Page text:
I thought I'd blog a few notes (LIVE!) from a presentation at the Unleavened Bread Cafe by a set of Butler students in an honors course called "Grassroots Growth".
Prof. Allison King, MSW
[Thanks Rachel (Bell) for the pics today!]
These students have studied in the Mapleton-Fall Creek neighborhood as a case-study for their course which was designed to focus on the 'grassroots growth' which can (and does) occur by the indigenous neighbors themselves.
This was a first-ever type of class, constructed by Ms. King with help from our friend-of-the-cafe, Dave Metzger.
Today they're presenting their findings and have invited the neighborhood, and a reception buffett was served.
Throughout their presentations, they frequently mentioned a number of neighborhood favorites such as Ms. Elease, David Metger, Jab, Cocoa, Eric, Bennie, Oscar, Gail, David Woodrupp.... as 'all these wonderful people'.
One presenting team focused on learning from the neighborhood... and then proposed a one solution they could help with -- writing a grant proposal summary to form a "Family Circle" in the neighborhood.
- They quoted from the Central Indiana Community Foundation, who apparently noted a really strong bond among the residents, but just need empowered. The foundation has in neighborhoods given grants to 'Family Circles'. The objectives are to build and strengthen relationships, knowledge, numbers, and small scale actions that have large scale impact. They facilitate neighborhood discussions, and encourage people who step up and commit to lead in a particular action.
- These students also are procuring the help of the CCC -- Center for Citizenship and Community -- an organization lead by Dr. Brabant at Butler. One way the organization can help is by proofing any grant proposals... and help them out with this upcoming request.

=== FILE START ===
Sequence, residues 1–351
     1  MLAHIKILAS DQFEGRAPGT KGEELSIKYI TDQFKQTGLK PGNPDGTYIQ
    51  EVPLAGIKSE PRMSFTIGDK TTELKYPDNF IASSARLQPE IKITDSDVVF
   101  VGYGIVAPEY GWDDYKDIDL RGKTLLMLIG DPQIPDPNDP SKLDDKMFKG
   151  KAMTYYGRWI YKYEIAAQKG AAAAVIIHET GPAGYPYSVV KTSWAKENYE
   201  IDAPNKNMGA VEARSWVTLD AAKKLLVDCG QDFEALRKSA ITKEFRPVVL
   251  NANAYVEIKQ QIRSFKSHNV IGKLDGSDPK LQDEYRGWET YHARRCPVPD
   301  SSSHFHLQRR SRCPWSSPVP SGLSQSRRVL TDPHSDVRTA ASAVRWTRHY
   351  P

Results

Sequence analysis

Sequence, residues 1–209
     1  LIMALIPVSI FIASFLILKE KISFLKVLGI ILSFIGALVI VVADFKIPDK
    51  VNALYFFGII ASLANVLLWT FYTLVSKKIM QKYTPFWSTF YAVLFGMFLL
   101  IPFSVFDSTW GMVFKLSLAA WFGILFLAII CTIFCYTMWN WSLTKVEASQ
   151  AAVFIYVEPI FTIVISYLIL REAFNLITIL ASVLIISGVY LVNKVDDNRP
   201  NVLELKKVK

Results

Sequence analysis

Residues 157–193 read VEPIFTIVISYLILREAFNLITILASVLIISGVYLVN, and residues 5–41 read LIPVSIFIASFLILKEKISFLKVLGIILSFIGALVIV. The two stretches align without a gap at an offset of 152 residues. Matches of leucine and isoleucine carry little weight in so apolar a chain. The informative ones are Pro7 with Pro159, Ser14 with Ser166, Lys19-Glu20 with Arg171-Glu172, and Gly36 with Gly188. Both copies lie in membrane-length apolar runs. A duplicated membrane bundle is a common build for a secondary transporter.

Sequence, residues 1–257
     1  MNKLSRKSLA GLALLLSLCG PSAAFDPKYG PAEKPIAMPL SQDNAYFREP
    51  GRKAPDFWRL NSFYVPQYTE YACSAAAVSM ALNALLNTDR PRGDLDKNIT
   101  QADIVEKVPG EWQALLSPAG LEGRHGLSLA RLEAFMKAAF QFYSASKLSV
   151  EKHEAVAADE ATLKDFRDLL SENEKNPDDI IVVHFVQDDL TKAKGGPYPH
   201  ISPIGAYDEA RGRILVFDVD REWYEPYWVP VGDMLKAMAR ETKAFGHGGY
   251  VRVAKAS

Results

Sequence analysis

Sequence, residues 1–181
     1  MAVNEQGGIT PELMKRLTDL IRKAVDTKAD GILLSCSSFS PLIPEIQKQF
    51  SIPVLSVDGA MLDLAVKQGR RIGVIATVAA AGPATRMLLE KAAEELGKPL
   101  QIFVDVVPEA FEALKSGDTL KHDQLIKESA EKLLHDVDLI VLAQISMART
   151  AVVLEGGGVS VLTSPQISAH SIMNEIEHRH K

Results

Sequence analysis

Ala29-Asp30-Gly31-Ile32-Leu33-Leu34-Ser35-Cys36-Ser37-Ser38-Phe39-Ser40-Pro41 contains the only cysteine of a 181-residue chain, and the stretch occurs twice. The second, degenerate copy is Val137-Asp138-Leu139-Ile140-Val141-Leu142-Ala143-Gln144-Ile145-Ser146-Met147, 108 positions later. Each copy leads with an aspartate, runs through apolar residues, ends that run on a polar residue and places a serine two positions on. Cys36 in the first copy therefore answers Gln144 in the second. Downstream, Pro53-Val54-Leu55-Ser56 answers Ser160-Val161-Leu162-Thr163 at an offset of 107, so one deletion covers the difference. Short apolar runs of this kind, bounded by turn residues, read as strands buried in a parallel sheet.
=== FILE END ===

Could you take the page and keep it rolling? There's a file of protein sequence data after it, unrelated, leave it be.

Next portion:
Comments heard throughout these presentations...
"I was surprised by the course -- I thought we wouldn't even leave Jordan Hall, but just research data, etc. So what a surprise when I learned we'd actually be GOING to the inner-city neighborhood."
Another team developed a newsletter type of summary about the Unleavened Bread Cafe, their temporary headquarters during their course of study.
They would publish and leave this summary for the cafe visitors to read and enjoy, filled with stories & poems written about their recent experiences. [We can hope to secure a copy for download here.]
Other comments heard during the presentations...
"I discovered I liked going to Tab rather than churches on campus. After church, we walked to the cafe & back... and wrote a poem about it.
"I learned more in 5 hours on a Saturday in the community, than a whole semester at school."
" 'Shoes hanging on the line', I learned, meant there was a death in the neighborhood. I was struggling with some of my own family situations, and it greatly helped me deal with my issues by understanding some of the heartaches in the neighborhood. So I wrote my story about that."
"It was great to learn first-hand from neighbors instead of simply accepting the stereotypes. "
"My team spent 'A Day with Larry'. It was amazing what could be learned from just shadowing a neighborhood resident."
Another team visited Rebuilding the Wall. "We liked it so much we voluntarily went back several times to help rebuild houses with them. The most rewarding thing was getting to know neighborhood people who would become the beneficiaries of these houses. We played some 2-on-2 basketball with some of the younger ones."
"It was fun getting outside the 'Butler bubble'... that is, getting off-campus and learning via service-learning."
"Grassroots involvement really does make things happen -- eg. Rebuilding The Wall really does make things better. Lives change."
And how about this from Andy & Ryan... politically left, and politically right.
"The course isn't particularly political, but it's helped us grow -- sometimes as a result of heated political discussions back in the dorm. It needed to happen -- without it, nothing could start for us... and now we're moving in the same direction... community impact. "
Another student presented from a pharmaceutical perspective... having visted Raphael Health Center, not only as an onlooking student, but also while assisting someone who didn't have health insurance.